The Toko council area has so many streams, springs and waterfalls which have direct bearings with the river Meme which takes it rise from the Rumpi Hills as it drains the highlands of Madie, Dikome Balue and the coastal lowlands of Mbonge in the Meme Division before emptying into the Atlantic Ocean. The Combrany River which originates from within Toko municipality also empties itself into the Meme River. Thse features can serve as potential touristic sites within the municipality when developed. Despite the seemingly abundant availability of water, only three villages have made meaningful effort at having portable water supply including Madie Ngolo, Madie New Town and Toko. The rest of the population depends entirely on springs, sreams and rainfall as sources of drinking water.

Vegetation and Fauna.

The vegetation is characterised by the evergreen tropical forest most of which contains tree species of immense economic value. The Korup Project, Rumpi Hills and Philantropic forest reserves of the area contains a rich variety of flora and fauna. Many non-timber forest products are also found, including kola nuts and bush pepper, njansang, bitter cola and a variety of medicinal plants.

The difference in topography, vegetation and climate gives rise to a variety of both food and cash crops which includes; banana, cocoyams, maize, cassava, plantains cocoa, and oil palm. Copcoa is the main cash crop within the municipality.

Some of the animal species includes; elephants, monkeys and porcupines.

Historical Profile

Ethnic Groups and inter-ethnic relations

The indegenes of Toko municipality comprises the Ngolo, Batanga, and Bakoko. There are other migrants from different parts of the Cameroon such as the Bayangi, Dongolo, Bakundu and Grasslanders who are inter married and coexist in the municipality.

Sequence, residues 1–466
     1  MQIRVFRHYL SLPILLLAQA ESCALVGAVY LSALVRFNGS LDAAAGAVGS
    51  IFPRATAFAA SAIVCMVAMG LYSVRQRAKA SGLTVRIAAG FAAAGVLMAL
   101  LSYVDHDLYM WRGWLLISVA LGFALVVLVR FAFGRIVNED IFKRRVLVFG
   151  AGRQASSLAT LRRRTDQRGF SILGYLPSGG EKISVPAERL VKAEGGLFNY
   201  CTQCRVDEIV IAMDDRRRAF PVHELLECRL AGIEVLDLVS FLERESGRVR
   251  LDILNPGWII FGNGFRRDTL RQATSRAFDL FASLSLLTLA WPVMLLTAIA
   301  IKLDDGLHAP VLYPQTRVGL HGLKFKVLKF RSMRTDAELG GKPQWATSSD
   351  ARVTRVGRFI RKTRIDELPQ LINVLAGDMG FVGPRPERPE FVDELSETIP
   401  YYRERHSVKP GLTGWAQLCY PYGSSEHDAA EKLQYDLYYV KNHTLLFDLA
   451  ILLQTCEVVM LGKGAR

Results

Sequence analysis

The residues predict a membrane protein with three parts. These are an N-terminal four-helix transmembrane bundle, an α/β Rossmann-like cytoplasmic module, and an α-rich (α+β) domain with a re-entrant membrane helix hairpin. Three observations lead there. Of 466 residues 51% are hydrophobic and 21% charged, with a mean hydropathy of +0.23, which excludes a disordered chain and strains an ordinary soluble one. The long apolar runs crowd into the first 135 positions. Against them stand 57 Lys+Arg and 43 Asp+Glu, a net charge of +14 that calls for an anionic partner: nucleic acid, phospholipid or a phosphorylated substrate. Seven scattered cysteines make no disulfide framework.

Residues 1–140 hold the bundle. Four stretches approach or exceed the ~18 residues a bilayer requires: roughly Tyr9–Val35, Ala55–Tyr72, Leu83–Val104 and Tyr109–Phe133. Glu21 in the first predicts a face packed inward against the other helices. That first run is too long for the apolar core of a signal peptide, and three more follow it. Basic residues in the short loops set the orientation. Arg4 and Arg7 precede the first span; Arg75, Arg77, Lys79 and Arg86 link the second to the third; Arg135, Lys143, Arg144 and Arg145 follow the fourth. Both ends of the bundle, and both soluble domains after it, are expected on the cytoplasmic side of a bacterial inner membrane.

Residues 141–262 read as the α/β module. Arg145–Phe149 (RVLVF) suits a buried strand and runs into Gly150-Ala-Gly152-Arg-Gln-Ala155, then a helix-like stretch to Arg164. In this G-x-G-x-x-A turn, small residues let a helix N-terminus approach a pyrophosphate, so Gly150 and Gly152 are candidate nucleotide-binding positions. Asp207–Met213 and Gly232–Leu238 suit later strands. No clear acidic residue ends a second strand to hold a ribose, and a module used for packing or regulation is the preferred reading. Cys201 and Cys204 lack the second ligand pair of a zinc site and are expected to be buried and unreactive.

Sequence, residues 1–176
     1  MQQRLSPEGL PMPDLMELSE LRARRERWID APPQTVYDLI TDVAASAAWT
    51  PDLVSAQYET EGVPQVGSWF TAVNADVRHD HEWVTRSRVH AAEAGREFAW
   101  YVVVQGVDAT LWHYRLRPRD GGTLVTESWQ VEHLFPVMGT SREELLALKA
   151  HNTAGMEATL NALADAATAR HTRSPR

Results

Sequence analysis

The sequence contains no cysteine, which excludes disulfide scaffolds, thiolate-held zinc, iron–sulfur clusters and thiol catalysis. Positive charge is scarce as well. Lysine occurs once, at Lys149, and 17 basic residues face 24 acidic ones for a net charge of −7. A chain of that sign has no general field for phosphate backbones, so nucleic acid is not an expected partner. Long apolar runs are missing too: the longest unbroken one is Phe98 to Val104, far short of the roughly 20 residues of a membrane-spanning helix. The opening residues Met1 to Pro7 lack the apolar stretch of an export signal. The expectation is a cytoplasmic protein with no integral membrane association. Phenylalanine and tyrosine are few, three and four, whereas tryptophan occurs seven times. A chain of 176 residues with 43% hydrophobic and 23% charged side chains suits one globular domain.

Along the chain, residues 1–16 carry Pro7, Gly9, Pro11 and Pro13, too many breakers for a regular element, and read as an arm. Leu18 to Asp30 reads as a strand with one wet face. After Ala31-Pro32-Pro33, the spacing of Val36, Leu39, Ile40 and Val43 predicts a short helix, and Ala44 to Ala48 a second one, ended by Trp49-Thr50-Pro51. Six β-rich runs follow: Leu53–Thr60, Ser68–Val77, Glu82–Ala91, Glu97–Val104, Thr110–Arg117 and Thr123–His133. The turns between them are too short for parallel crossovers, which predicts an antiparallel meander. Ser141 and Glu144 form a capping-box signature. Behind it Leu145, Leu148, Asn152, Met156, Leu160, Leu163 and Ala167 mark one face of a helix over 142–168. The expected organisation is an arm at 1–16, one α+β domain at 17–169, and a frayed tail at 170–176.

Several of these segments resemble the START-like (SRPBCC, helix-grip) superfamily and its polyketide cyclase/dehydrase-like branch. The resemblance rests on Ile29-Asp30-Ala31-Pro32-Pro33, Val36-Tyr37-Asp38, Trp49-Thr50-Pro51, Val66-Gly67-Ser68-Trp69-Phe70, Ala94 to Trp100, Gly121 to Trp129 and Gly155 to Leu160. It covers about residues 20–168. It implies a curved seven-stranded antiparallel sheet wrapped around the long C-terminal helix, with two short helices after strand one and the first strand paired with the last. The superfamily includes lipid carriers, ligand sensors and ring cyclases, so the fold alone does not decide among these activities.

Christianity is the predominant religion within Toko municipality and there is freedom of worship. The main Christian denominations in the area are the Presbyterians and Pentacostals.

The Presbyterian Church in Cameroon contributes to the development of the municipality by providing basic health facilities through the Presbyterian Health Center at Madie Ngolo.

Mobility of the population

The rate of movement into and out of Toko Municipality is very low. This is due to a large extent to the absence of employment opportunities in the council area and the inaccessibility of villages within the municipality as a result of the poor road network. There are civil servants who have been transferred to the different schools and health centers within Toko sub division and who are hardly around due to the harsh living realities.

The rate of rural exudus is high as people, especially the youth move from the municipality to other sub divisions and cities either in search of jobs, better education (attend universities or professional schools) or to do business.

Size and structure of the population

The total population size of Toko municipality in 2010 was estimated at seven thousand and thirty five (7.035) inhabitants of whom there are 3.515 men and 3.520 women. (Source: Bureau of Census & Population Studies). But from field survey, the population was estimated to be 14.045 inhabitants of whom are men 3815, women 4480 and 5625 being children.

The municipality has a total surface area of 103,413 hectares (1,034.13 km2) representing a population density of fifteen to thirty (15 to 30) inhabitants per km2.

This low population density in Toko is due to the dense tropical forest most of which are reserved by development organizations.

Socio Economic Infrastucture in the Municipality:

All villages within the municipality have a Palaver House (an Etane) which is used as a venue for conflict resolution and other social gatherings. Several of these structures are in very bad shape with no concrete floors, chairs, windows and doors. “Etanes” structures were identified in the following villages; Toko, Ikoti II, Bokuba, Iboko, Banobeanga, Basari, Nwamoki, Iyombo, Dikume, Iwasa, Ngamoki, Moboka, Madie I, II, III, Dienge, Bareka I, II, Lipenja, Ikenge, Esukotan, Kilekile, Esoki.

Meangwe I has a Catholic Church hall while Madie I has a Presbyterian Church hall.